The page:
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Plants and Animals - Waltzed In From The Rumbling (Review)

Plants and Animals, Waltzed in From The Rumbling

Review by Jack Foley

IndieLondon Rating: 3.5 out of 5

MONTREAL based and Polaris-Prize nominated artist Plants and Animals have delivered their most ambitious collection of songs yet, drawing favourable comparisons with everyone from Radiohead to Bowie.

Waltzed In From The Rumbling is an eclectic offering that very much reflects the way in which it was recorded. Since their most recent LP, 2012’s The End of That, the band have begun families and took the time to slow down.

Hence, they removed time constraints from their process in a bid to reconnect with the honesty and autonomy of music created without pressure. As vocalist Warren Spicer states: “It was more like an art studio than a recording studio… A mess, pieces of songs all over the place. We had this big canvas and were constantly filling in corners here, erasing there, repainting that part, standing back and looking at the whole picture to see what we had.”

Put a different way, the new album embodies the raw musicianship characteristic of the group, but also injects symphonic crescendos, lyrical balladry and metamorphic song developments.

It means songs seldom stand still for long or settle into one particular groove. They’re experimental at times, pushing the boundaries. But yet always careful to remain melodic and radio friendly.

And the comparisons don’t come lightly. Album opener We Were One, for instance, starts with a ferocious piano chord, before dropping a bluesy guitar riff and toe-tapping back-beat and coming over all psych-rock. But then Spicer starts singing and the comparisons with Radiohead abound.

By the time you reach the chorus, however, there’s a touch of ’70s Starman Bowie about it… and then, even more surprisingly, the symphonies kick in, elevating the track to something altogether more different. If it’s tricky to get a handle on, then that’s intentional – and it’s guaranteed to get them noticed.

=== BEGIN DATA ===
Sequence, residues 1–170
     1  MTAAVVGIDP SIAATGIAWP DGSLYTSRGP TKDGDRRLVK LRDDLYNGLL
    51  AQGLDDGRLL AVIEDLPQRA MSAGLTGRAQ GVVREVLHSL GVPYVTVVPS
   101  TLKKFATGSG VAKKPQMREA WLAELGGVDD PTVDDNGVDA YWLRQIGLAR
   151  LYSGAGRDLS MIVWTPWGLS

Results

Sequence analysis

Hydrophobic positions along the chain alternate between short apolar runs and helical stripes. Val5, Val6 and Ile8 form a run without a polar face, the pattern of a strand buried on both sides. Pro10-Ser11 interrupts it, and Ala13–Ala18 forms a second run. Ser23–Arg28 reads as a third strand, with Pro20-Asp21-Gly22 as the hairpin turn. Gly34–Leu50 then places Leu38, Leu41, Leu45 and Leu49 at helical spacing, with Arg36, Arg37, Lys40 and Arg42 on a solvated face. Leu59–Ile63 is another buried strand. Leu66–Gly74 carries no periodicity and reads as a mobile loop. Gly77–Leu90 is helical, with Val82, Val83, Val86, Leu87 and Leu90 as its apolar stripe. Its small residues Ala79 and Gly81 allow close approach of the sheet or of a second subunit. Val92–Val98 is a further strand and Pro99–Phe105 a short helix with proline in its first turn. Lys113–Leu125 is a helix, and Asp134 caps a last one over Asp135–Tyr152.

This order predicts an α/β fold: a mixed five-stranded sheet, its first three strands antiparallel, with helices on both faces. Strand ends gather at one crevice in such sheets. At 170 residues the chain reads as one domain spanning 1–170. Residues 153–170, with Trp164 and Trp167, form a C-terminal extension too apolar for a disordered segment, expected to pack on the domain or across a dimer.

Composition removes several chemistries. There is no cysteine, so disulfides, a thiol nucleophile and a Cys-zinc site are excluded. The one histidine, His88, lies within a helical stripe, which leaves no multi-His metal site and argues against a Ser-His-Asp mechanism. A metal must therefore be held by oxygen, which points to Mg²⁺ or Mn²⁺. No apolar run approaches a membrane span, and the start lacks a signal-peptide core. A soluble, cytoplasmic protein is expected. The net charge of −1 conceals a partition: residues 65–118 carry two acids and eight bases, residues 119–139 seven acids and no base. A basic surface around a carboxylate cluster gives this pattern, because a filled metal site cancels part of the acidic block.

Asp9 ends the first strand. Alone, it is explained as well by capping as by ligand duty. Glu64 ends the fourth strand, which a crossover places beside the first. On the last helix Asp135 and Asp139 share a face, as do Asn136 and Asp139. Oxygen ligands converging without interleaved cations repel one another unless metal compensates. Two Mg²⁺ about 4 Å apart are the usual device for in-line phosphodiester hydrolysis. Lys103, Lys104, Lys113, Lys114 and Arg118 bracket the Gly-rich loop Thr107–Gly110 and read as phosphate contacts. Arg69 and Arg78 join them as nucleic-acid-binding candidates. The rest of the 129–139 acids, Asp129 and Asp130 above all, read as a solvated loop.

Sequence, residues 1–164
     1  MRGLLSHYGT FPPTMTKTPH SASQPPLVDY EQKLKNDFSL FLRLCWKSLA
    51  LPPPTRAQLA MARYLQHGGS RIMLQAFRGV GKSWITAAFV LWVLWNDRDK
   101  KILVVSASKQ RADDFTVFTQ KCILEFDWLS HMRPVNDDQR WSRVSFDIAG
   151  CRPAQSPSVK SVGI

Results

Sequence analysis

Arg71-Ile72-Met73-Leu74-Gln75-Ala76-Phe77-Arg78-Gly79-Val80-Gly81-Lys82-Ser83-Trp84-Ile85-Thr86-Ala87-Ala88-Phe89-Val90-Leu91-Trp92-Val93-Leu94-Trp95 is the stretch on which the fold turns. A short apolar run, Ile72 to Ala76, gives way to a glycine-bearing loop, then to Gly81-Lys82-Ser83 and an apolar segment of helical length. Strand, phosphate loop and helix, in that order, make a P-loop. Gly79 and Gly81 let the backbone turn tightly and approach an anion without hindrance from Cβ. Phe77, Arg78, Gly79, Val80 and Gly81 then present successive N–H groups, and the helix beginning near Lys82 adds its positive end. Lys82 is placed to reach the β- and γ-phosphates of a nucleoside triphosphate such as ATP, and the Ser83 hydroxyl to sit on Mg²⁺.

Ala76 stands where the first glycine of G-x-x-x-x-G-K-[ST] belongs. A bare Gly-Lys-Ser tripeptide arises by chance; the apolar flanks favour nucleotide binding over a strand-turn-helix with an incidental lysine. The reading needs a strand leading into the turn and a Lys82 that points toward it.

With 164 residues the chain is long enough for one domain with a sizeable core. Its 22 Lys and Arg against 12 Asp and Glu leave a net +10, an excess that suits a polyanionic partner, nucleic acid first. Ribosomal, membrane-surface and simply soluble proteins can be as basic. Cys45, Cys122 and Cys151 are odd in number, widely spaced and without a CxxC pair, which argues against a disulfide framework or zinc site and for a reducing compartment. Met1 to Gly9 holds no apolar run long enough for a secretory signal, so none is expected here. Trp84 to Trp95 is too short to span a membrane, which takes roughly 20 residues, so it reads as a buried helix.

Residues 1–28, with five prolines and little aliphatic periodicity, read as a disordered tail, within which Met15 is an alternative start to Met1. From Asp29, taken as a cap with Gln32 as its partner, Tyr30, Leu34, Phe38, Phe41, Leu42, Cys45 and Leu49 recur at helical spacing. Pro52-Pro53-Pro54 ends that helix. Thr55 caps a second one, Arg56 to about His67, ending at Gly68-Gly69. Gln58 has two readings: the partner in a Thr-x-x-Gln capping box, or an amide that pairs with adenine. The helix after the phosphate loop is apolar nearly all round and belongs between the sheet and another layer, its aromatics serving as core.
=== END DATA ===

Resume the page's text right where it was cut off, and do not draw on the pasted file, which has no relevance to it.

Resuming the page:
On current single No Worries Gonna Find Us, on the other hand, insistent rhythms combine with a couple of cute electronic and guitar hooks and some falsetto vocals to create another strangely compelling record… and one that could even bear vague comparisons with UK acts such as Travis and Snow Patrol for the way in which it is meticulously constructed, emotion-led and layered.

Stay, similarly, compels you to “look inside your heart” and contains a strong emotional undertow. But instrumentally, it opens in acoustic folk form before taking an electric turn and exploding in sound, tempo, instrumentation and depth. The guitars and glockenspiel chimes that accompany it are also inspired, creating an exciting instrumental backdrop that continues to improve with each listen.

And these aren’t even necessarily the best tracks! All of The Time, for instance, lays down some of the most invigorating drum beats on the record, complete with a chiming piano chord, and some more Thom Yorke-style vocals. It’s brooding and exciting.

Flowers, in contrast, has a hazy, breezy ’70s summer of love type vibe that’s utterly intoxicating right from the moment the lush guitar hooks kick in. While Je Voulais te Dire underlines the shape-shifting nature of the LP as a whole with a track that continues to evolve in ever more thrilling and complex ways – mixing horns, dusky Cohen-style vocals with trippy ’70s bass-lines and more besides.

Not every track succeeds and there are moments that almost inevitably feel a little more self-satisfied than others. But in the main, Plants and Animals have created a genuinely intriguing, often beautiful album that defies easy categorisation – but begs swift praise.

Download picks: We Were One, All Of The Time, Flowers, Je voulais te dire

Track listing:

  1. We Were One
  2. No Worries Are Gonna Find Us
  3. Fata Morgana
  4. Stay
  5. All of the Time
  6. So Many Nights
  7. Flowers
  8. Je Voulais Te Dire
  9. Off the Water
  10. Johnny Is a Drummer
  11. Pure Heart